"I'm very grateful to be inducted with you guys," Nelson said, although he did point out that when he was at St. Joe's, the Hawks had Villanova down 43-9 at halftime one year. 

"But those next couple years, we payed y'all back," said Foye, now with the Brooklyn Nets, during his own speech.

Those rivalries were especially meaningful to Foye, who also played against Jaaber in both high school and college.

"Being from North Jersey, you never hear about the Big 5," said Foye, a first-team All-American and Big 5 Player of the Year in 2006. "For me coming here and witnessing it up close and personal, it's just something truly amazing."

Foye added that everywhere he goes, he tries to embody what a Philly guard is -- "small but play big," as he put it -- while reminding people that he's proud to be a Villanova alum. The same can be said of Raveling, a longtime college coach and executive who was inducted into the Naismith Memorial Basketball Hall of Fame in 2015.

"I'm so proud to say I'm a Big 5 product -- and a proud graduate of Villanova University," Raveling said. "I look back many times and realize the wisest decision I ever made in my lifetime was to enroll at Villanova University."

Just as he opened his speech, Raveling also closed it by saying he was "proud" to enter the Big 5 Hall of Fame the same year as Jaaber, whose remarks touched on spirituality, family and a unique journey from Morocco to New Jersey to Penn.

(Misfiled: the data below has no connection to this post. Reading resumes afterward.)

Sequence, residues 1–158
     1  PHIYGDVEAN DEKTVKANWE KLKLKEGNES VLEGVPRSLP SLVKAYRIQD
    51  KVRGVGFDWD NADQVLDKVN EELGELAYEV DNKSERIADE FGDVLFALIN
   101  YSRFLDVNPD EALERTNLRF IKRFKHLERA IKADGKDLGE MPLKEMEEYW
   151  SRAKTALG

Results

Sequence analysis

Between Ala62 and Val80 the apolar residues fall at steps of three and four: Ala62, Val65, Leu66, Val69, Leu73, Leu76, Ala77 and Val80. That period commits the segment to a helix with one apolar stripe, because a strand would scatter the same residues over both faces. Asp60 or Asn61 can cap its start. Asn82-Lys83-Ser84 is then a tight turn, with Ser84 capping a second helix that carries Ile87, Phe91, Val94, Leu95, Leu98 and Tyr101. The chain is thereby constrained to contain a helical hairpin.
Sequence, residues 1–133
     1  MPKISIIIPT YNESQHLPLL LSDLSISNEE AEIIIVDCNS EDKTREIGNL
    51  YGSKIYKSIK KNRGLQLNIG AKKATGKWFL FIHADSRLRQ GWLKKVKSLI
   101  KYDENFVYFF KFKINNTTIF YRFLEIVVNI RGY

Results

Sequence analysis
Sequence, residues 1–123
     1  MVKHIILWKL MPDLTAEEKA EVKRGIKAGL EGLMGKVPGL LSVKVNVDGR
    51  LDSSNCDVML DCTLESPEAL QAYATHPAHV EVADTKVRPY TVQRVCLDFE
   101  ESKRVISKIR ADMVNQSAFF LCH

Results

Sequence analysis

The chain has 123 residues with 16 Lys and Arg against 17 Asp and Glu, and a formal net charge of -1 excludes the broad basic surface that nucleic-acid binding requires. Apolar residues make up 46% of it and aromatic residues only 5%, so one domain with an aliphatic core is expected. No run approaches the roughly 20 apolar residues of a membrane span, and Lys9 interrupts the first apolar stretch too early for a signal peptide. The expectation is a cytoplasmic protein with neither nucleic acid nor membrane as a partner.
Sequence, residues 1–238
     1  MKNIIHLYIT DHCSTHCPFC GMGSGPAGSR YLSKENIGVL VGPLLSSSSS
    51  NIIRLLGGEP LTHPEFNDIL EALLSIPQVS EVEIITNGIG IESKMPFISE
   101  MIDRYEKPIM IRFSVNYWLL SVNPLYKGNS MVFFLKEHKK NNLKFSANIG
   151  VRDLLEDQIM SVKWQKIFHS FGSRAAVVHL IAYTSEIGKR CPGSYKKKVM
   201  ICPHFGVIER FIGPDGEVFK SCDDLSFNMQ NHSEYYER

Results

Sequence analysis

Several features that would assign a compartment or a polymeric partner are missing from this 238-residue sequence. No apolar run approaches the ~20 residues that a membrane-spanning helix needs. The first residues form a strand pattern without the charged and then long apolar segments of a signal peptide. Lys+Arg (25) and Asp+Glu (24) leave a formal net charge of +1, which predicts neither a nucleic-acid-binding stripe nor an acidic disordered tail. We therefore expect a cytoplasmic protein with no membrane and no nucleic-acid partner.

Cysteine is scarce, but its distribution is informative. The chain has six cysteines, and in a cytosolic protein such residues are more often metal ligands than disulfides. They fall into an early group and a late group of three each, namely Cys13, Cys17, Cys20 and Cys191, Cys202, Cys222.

Jaaber also made sure to thank the person who perhaps embodies the Big 5 more than anyone else: former La Salle player, former Penn coach and current Temple coach Fran Dunphy.

"I don't think I could have had a better coach for me in my situation than my Coach Dunphy," said Jaaber, the 2006-07 Big 5 Player of the Year and the all-time Ivy League leader in steals (303). "I'm almost embarrassed to be inducted into the Hall of Fame before Coach Dunphy."

Archbishop Wood basketball star Collin Gillespie signs with Villanova

Archbishop Wood basketball star Collin Gillespie signs with Villanova

Archbishop Wood's Collin Gillespie, the Philadelphia Catholic League's MVP, has signed a national letter of intent to attend Villanova and play for Jay Wright.

Gillespie, during his senior year, averaged 24.1 points per game. The 6-foot-2 guard lead Archbishop Wood to their first Catholic League title in school history and followed that up with a PIAA State Championship game victory -- also a first for the school. Along with the league MVP, Gillespie was named Player of the Year by the Philadelphia Daily News.

"We are excited to have Collin and his family join the Nova Nation," Villanova coach Jay Wright said in a statement. "Collin comes from a great program at Archbishop Wood and has been well prepared by John Mosco. His guard skills, basketball IQ and winning instincts will be a welcome addition to our program."

Gillespie will join previously announced signees Dhamir Cosby-Roundtree (Neumann-Goretti High School in Philadelphia) and Jermaine Samuels (Rivers School, Weston, Mass.) in Villanova's class of 2021.